Okay History period - The origins of the Norton Commando can be traced back to the late 1940s Norton Model 7 Twin which had the 497cc engine , designed by Bert Hopwood and so known as the Hopwood engine. Cubic capacity was increased to 650 cc when the Dominator came out followed by a further increase to 750cc with the Atlas. The same 750cc was later launched as the 750 cc Commando in 1967. So what was different from the Atlas? The frame! Yes, the classic hallowed Norton featherbed frame was replaced! The new frame was developed by Dr. Stefan Bauer (former Rolls Royce engineer) who believed the classic Norton Featherbed frame design went against all engineering principles!!! The new frame was designed around a single 2.25 inch top tube. Now vibrations were common among all British bikes, but for the Norton it was more evident as the same frame which hostled a 500cc was now holding a 750cc. So it was decided that the engine, gearbox and swing-arm assembly were to be bolted together and isolated from the frame by special rubber mountings to eliminate extreme vibration.
The new frame was named 'Isolastic anti-vibration system'. The first model of Commando was the MK1 750cc. The original model, called the 'Fastback' was joined by the production racer 'S Type' featuring an OHV tuned engine. The funny thing was that these bikes was 'assembled'. You see the engines were produced in Wolverhampton, frames in Manchester, components and final assembly was at Plumstead. Frame manufacturing was later transferred from Mancester to Wolverhampton, where production capacity was 80 per week. Anyway, the S version also called the 'Roadster' had low-level exhaust, upward angled silencers and reverse cones, by which we now familarize Norton. In 1970, came the MK2 which had alloy levers with modified stands and chain guards and by '71, Norton had the ‘Fastback Long Range’ with increased petrol tank capacity. 1972 saw the introduction of the ‘Combat’ in the MK4, an updated version of the ‘Roadster’ and the ‘750 Interstate’. The ‘Combat’ delivered 65 b.h.p. at 6500 r.p.m. with a 10.0: 1 compression ratio, but the engine was very unrelaible which also had quality control problems. The 'Combat' was stopped immediately and thas why we never hear of a Norton Combat. By 1972 NVT was formed (Norton Villiers Triumph) as the UK Govt. decided to merge the BSA - Triumph comapny with Norton Villiers as BSA Triumph group were in serious financial trouble.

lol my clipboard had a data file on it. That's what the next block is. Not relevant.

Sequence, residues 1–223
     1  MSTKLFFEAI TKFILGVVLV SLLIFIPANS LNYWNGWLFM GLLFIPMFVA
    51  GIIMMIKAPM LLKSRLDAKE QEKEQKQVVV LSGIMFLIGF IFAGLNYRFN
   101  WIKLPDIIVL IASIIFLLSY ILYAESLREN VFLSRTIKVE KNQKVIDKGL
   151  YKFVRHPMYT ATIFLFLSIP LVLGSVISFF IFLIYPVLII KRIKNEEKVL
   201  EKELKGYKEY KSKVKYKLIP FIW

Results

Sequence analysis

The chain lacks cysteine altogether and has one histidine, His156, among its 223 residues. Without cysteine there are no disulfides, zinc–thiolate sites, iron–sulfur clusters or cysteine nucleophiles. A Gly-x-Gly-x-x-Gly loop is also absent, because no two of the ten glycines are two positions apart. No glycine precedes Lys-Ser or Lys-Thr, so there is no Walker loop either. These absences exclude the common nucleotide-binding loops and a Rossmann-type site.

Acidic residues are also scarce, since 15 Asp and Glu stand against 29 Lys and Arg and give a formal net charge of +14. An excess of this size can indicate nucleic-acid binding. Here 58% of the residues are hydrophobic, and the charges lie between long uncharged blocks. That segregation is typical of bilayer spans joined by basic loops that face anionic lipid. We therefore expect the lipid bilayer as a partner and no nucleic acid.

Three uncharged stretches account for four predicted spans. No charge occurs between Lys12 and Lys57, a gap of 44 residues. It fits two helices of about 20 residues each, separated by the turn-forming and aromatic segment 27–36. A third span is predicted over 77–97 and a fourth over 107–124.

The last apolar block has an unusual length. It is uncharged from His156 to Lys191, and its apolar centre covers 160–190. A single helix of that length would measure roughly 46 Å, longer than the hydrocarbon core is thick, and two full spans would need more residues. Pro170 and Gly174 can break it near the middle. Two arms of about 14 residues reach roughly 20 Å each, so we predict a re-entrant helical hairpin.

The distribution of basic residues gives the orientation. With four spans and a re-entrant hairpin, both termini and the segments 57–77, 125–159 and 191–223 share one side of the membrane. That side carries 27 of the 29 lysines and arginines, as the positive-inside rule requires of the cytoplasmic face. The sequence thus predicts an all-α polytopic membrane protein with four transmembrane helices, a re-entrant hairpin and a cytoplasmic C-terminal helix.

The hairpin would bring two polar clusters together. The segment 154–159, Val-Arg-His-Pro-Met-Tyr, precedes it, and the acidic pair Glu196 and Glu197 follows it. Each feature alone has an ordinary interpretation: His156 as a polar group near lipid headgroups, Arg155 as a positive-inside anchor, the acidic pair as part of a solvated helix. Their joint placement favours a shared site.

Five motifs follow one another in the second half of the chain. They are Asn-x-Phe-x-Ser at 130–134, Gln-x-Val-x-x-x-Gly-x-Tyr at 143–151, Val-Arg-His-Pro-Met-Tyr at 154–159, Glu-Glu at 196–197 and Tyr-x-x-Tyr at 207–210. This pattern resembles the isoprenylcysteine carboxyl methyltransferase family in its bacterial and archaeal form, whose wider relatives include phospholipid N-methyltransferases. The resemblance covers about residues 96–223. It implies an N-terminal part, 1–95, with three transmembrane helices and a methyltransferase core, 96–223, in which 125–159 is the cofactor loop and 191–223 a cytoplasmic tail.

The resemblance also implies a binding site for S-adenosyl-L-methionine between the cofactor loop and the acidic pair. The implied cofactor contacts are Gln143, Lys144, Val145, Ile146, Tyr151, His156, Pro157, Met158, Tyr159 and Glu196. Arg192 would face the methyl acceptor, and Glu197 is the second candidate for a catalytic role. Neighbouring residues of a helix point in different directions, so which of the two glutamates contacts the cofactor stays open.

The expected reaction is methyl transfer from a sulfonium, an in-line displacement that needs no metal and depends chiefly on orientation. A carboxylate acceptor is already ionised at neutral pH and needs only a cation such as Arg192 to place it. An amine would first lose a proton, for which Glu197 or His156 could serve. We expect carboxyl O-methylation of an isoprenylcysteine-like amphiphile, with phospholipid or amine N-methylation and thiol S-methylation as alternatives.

The MK5 came in '73, but the Long Range was stopped. This was the 828cc engine which also found place in the ‘Roadster’, ‘Hi Rider’ and the ‘Interstate’.
But 1973 also saw a major uproar by the NVT workers union and work was stopped and NVT reported to have lost over £3 million. But the Commando was never stopped and in '74, the 'JPN Replica' was released. '75 saw the 850cc MK3 which had the distinction of having an 'Electric Starter'. Not only that, at previously mentioned, it had left gear shift, right foot brake and also a rear disc to meet US norms as US was a huge export market for Norton. Although the engine was bored out, other specs remained the same which means the engine was less stretched. That continued till the last model of Commando.
The Commando also made an impact in racing events. 2 Commandos finished in top 4 positions in the '69 Isle of Mann TT. The same year Commando won the Hutchinson 100 Production. In 1973, Peter WIllaims won the Formula 750 Isle of Man TT on his Commando. After the mid 70s, Norton finally closed down and then started the war... of trademarks.
The legal battle over the name Norton was fought not between companies, but countries - Germany, Canada & U.S. Then there were big companies like Norvil (U.K), CNW & Vintage Rebuilds. All 3 are still very very active. Mr Kenny Dreer of Vintage Rebuilds showed off a 'new' Commando based Norton VR880 Sprint Special in 1999 but has again run into legal suits.
Photo Source - E-Bay, Motorcycle USA